WV Center on Budget and Policy > Blog > Tax and Budget > Eliminating the Personal Property Tax: Part 4 – What’s at Stake for Schools

Eliminating the Personal Property Tax: Part 4 – What’s at Stake for Schools

(Continued from Part 3 – published 12/19/12).

Nearly $1.5 billion in property tax revenue was raised in West Virginia during FY 2012, and West Virginia’s schools were by far the largest recipients of the revenue. County school districts collected a total of $967 million in property taxes, nearly two-thirds of the total. Overall, property taxes account for roughly 30 percent of school district funding.

Of the $967 million in property tax revenue raised by school districts in West Virginia, an estimated $299 million was raised through taxes on personal property. But, if personal property taxes were eliminated, school districts would not lose the whole $299 million, because of the way school financing works in West Virginia.

While property taxes are an important source of revenue for schools in West Virginia, they actually receive most of their funding from the state, through the school aid formula. The school aid formula determines the amount of funding each school district needs to operate, called the total basic allowance. Each school district then raises whatever revenue it can through its current property tax levy, the rate of which is set by the legislature and uniform throughout the state. A percentage of the revenue from each school district raised through the current levy, known as the local share, is deducted from the total basic allowance, and the state provides the remainder to each school district, which is known as the total state aid.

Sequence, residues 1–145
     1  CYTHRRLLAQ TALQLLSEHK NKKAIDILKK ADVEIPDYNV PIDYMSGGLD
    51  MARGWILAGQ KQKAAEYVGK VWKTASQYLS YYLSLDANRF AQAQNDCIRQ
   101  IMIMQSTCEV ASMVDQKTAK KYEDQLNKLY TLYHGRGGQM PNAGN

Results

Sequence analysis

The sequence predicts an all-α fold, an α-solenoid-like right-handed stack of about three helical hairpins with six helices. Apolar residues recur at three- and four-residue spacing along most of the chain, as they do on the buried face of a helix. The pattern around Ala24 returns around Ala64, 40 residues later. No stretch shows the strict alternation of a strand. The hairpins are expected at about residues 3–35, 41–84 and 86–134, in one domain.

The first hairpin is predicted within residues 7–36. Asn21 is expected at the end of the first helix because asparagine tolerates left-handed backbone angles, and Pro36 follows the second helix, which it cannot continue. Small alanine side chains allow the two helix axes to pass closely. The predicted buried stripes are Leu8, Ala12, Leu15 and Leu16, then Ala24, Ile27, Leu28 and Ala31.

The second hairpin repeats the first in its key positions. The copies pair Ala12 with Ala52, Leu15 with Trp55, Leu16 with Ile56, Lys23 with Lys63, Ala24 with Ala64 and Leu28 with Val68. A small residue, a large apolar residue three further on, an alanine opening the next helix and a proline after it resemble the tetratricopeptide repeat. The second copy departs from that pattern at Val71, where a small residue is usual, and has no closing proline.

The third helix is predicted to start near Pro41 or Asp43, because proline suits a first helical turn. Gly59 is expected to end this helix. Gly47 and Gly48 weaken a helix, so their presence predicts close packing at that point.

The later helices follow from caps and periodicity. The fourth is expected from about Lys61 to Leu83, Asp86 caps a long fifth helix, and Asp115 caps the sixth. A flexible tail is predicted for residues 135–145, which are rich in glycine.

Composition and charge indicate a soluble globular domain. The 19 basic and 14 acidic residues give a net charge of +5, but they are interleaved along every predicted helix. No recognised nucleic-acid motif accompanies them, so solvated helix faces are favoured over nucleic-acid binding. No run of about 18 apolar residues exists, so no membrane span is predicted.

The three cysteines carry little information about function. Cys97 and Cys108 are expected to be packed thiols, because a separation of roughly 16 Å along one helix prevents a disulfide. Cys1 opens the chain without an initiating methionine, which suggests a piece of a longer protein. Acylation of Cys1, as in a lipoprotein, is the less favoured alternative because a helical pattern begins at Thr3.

Last year, the total basic allowance was $1,579,583,138, while the local share was $380,935,932, meaning that the state sent $1,198,647,206 to the local school districts.

School districts can also raise additional revenue through excess levies, if approved by the voters. Revenue from excess levies, bond levies, and other levies are do not affect the school aid formula.